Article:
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#39 2008-08-05 11:27:16

I doubt if any of the following will come as a revelation; but here, for what it's worth:

Musings of an 18-year newspaper veteran

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#40 2008-08-05 12:17:38

Thanks, George. I almost posted this yesterday but figured why beat a dead horse?

Then again, why the fuck not? The mega-chain owner of one of our local papers lost 98% of its market value in the last 18 months according to Sunday's NYTimes...

http://www.nytimes.com/2008/08/04/busin … apers.html

Last edited by choad (2008-08-05 12:18:25)

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#42 2008-08-22 08:38:10

as one suitably crotchety industry veteran tells us

Dude!  You got quoted!

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#43 2008-08-22 08:59:10

Scotty wrote:

as one suitably crotchety industry veteran tells us

Dude!  You got quoted!

The grim truth is that business renders most of its veterans cynical, crotchety and unemployable in any other trade. Soldiers and cops are face much the same, though lord knows those jobs are not in short supply.

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#44 2008-08-22 10:21:54

choad wrote:

veterans cynical, crotchety and unemployable in any other trade

Fucking a bubba.

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#46 2009-01-06 21:35:11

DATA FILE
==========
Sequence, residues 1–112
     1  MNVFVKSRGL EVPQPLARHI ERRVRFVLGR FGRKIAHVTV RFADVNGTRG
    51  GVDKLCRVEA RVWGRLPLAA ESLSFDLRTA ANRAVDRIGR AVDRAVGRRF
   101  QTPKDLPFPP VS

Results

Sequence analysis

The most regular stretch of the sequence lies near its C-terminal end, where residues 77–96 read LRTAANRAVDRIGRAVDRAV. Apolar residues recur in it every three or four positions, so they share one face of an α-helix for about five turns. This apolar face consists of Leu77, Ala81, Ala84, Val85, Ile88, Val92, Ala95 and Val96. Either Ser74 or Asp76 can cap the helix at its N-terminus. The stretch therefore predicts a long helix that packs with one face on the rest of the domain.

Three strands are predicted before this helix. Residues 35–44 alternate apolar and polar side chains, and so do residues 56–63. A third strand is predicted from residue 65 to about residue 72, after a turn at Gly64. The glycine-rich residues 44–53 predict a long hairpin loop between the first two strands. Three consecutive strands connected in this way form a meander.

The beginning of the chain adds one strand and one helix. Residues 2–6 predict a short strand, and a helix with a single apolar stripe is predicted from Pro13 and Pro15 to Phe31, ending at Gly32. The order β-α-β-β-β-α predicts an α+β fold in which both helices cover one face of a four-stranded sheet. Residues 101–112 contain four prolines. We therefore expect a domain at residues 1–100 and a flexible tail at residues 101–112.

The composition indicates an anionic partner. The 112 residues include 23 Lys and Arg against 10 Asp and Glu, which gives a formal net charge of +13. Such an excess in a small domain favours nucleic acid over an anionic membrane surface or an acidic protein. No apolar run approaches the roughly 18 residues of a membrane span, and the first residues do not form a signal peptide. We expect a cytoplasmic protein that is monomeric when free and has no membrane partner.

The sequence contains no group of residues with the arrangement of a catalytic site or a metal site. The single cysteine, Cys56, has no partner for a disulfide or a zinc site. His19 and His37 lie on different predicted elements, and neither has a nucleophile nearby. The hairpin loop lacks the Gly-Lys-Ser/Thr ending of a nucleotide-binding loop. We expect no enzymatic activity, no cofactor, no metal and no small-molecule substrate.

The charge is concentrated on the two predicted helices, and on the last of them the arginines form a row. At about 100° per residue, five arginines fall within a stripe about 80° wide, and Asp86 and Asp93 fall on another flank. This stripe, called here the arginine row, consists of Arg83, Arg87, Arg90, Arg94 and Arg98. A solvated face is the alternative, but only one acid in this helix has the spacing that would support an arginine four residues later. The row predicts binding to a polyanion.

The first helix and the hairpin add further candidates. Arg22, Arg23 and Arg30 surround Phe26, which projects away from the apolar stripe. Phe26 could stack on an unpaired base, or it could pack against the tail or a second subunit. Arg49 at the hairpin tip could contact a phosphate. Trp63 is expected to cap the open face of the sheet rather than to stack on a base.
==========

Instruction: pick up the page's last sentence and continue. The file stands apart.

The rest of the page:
choad wrote:

http://www.theatlantic.com/doc/200901/new-york-times

The venerable NYT out of business by May? Somehow, I doubt it'll happen. The WSJ will already suffer for who bought it most recently.

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#47 2009-01-07 00:15:29

The Christian Science Monitor is retiring its print version in the spring and going completely digital. Just sayin'...

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#49 2009-01-21 21:21:15

Look - we need print version of something.  Laptops on the shitter are just lame.

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#50 2009-01-21 21:43:30

Emmeran wrote:

Look - we need print version of something.  Laptops on the shitter are just lame.

The New Yorker is my only subscription, a gift from Frank Thorne, and the choad throne is where I read that link. Here, want a whiff?